Voting Is Not Enough: Fight Voter Suppression & Help Restore Native Voting Rights

Fight_Suppression_-_multi_org_image.pngAs of the publishing of this episode (Oct. 13th), there are only 3 weeks left until Election Day. Just 21 days.

Visit to explore our 2020 Election Action Guide, which we’re calling “Voting Is Not Enough.” Because…it’s just not.

Voting is happening NOW in record numbers, but at the same time we’re also witnessing desperate attempts by the GOP to suppress votes in any way they can - legally and illegally

We need to counter these voter suppression efforts with action. So, if you haven’t volunteered yet, WHAT ARE YOU WAITING FOR?

Help voters in voter ID law states get the IDs they need with

Phone-bank and text-bank with a get out the vote campaign and arm voters with the accurate information they need to ensure their vote is cast and counted. Go to to instantly find a shift for the final weekends before the election.

And if you or someone you know encounters a problem with ballot drop boxes, early voting, absentee ballots, or something else, call Election Protection at 866-OUR-VOTE or visit If you want to help, sign up to assist with Election Protection’s nonpartisan poll monitoring program at

It’s important to note that Native Peoples have not only been disproportionately affected by the coronavirus, but they are also disproportionately affected by voter suppression tactics. In fact, many barriers to the ballot uniquely target Native Peoples.

Native Peoples are less likely to have a traditional street address making it more likely that their voter registration applications will get rejected, and many states with Voter ID laws just flat out don’t accept tribal IDs. Then there’s the closure of polling places and reducing ballot drop boxes in reservation counties, conflicting information from poll workers and lack of interpreters in states with high Native populations. The gutting of the Voting Rights Act in 2013 only made targeted voter suppression of Native Peoples easier for states like Arizona and Alaska and certain counties in North Dakota. (Source: Brennan Center for Justice)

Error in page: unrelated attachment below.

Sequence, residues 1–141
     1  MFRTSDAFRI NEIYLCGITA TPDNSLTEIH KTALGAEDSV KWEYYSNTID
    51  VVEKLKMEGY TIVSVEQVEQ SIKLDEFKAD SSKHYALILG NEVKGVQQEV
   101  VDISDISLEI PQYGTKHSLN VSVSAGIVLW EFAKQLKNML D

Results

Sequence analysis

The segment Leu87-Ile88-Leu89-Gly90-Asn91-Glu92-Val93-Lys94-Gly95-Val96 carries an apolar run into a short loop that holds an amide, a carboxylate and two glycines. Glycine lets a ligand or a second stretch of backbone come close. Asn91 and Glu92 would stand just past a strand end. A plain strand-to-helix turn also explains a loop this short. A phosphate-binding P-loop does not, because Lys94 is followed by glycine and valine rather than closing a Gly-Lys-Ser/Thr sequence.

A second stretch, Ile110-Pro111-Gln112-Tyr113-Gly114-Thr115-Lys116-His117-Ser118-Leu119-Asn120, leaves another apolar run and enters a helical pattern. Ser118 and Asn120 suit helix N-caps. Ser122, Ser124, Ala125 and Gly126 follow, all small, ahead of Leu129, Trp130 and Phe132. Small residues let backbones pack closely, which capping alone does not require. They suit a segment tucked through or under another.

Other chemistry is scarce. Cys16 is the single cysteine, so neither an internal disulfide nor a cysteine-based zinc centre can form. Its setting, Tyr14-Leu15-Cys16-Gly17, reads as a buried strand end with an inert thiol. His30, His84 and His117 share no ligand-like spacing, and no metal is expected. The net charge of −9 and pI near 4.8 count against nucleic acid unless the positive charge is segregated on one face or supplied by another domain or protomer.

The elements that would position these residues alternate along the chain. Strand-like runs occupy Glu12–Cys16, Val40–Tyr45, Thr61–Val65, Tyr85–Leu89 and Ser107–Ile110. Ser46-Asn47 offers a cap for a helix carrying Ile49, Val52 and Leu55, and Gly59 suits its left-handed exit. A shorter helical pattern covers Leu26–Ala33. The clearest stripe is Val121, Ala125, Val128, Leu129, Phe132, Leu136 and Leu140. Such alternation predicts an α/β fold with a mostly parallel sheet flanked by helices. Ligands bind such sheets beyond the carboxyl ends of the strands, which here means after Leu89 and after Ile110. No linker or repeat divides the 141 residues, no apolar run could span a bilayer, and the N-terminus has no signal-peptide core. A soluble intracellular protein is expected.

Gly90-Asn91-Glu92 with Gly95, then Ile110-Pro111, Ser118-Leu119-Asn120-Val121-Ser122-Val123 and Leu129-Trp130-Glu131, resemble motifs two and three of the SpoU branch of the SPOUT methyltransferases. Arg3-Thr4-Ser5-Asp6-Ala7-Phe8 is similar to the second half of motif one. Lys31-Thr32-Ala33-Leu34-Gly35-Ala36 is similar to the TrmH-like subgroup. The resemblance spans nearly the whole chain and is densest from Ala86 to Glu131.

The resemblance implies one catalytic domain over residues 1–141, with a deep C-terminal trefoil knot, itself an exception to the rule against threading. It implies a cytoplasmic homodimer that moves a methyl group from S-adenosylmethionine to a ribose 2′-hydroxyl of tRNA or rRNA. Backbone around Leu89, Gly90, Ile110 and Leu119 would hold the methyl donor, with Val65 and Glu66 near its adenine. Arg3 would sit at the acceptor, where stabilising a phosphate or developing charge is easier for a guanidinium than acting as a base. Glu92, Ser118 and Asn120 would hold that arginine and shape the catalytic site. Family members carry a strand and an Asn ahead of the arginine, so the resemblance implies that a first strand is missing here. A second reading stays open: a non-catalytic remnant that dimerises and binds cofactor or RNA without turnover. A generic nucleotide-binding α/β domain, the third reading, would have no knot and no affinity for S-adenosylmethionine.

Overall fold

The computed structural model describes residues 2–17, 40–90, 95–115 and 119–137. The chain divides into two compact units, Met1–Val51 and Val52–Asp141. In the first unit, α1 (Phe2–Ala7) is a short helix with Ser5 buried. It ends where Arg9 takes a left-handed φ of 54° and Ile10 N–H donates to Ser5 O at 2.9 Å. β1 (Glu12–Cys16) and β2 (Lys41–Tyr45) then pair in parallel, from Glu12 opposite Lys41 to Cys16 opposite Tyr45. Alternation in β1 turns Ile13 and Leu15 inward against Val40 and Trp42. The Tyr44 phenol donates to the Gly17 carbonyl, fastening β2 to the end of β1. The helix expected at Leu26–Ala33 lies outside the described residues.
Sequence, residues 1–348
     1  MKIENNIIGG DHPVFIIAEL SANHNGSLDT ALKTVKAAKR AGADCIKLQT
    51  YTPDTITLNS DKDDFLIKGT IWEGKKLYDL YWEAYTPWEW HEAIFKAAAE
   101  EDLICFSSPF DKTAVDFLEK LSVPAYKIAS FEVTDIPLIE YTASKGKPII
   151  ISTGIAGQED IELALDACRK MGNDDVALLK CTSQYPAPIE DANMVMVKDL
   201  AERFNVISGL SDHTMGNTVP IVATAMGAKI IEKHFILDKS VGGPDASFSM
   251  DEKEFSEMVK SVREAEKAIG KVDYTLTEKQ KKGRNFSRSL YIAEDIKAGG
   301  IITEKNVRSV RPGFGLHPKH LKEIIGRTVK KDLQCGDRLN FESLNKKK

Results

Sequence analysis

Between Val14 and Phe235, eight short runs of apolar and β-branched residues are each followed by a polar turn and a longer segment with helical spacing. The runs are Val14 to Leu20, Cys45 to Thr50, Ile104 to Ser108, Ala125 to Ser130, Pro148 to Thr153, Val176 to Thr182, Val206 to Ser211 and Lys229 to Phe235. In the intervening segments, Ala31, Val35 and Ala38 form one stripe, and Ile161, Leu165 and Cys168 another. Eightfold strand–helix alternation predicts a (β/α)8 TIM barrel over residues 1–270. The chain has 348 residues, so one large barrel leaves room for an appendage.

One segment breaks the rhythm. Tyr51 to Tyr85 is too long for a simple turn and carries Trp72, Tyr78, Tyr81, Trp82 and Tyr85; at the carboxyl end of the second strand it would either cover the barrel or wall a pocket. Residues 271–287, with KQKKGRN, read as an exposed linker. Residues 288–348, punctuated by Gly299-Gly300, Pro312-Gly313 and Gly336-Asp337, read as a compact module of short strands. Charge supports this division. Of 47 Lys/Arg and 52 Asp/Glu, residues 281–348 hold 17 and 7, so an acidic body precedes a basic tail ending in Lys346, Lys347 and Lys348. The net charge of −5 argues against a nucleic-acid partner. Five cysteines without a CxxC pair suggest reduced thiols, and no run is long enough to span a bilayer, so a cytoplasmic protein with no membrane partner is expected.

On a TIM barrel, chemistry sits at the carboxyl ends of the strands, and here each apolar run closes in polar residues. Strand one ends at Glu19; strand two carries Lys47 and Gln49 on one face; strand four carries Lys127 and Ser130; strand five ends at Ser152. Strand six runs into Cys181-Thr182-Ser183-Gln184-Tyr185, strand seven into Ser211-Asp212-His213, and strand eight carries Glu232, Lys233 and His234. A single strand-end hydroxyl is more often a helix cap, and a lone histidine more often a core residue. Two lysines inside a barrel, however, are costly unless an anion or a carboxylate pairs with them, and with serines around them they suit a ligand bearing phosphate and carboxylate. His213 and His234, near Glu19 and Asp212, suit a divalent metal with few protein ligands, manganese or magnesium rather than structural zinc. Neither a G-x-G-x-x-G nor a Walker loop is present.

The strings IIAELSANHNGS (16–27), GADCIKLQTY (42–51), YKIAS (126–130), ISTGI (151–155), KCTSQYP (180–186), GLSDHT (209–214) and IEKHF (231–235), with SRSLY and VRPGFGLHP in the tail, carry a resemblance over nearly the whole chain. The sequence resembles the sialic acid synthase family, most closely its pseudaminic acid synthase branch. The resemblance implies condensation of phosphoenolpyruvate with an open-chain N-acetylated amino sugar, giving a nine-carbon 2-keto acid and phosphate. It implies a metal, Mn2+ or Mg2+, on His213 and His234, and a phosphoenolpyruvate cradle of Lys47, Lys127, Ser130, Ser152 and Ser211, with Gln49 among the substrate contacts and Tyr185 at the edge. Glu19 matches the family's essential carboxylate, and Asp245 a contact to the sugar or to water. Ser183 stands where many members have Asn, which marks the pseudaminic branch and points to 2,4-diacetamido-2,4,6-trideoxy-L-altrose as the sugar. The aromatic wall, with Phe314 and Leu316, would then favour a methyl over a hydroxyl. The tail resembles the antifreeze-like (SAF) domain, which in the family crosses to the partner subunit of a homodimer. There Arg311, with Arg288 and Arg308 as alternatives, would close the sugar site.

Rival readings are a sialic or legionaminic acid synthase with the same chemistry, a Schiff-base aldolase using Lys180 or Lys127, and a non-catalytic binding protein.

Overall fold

To help counter this suppression, nonprofits IllumiNative, Native Organizers Alliance and First Peoples Worldwide, have launched Natives Vote - a get out the vote effort providing detailed information on each state’s voting laws, registration dates, who to contact if issues arise, and more.

In a release, IllumiNative Executive Director Crystal Echo Hawk said, “Exercising our grassroots political power is crucial to rebuilding what we’ve lost and preparing the future for the next seven generations.” Visit to learn more.

You can also help restore and protect Native voting rights by demanding your members of congress to support the Native American Voting Rights Act, which has already been introduced in both the House and Senate. Spearheaded by the Native American Rights Fund (2014), the Act would "create more communication channels between Washington and Native American tribes, direct states to accept tribal ID cards for voting purposes, and establish a clear pathway for Native communities to request federal election observers.”

So, if making sure everyone can access the ballot - especially those we stole this land from - is important to you, be sure to spread the word about Fighting Voter Suppression & Helping Restore Native Voting Rights so that others in your network can spread the word too.



Help Voters Get IDs:

Get Out the Vote!:

Voting Problems? Call: 866-OUR-VOTE | Visit

Volunteer as an Election Protector:

Election Resources for Native Voters:

Tell Congress to Pass the Native American Voting Rights Act (2019-2020)


The State of Native American Voting Rights (Brennan Center)

Native Vote Infographic (National Congress of American Indians)

The 5 Million Americans that the 2020 Candidates Refuse to Talk About (Vox - First Person)

How the Native American Vote Continues to be Suppressed (American Bar Association)


Posted October 13, 2020; Written by Best of the Left Communications Director, Amanda Hoffman

Hear the segment in the context of Best of the Left Edition #1374: Tell Stories, Not Myths: Columbus and the Centrality of Colonialism 

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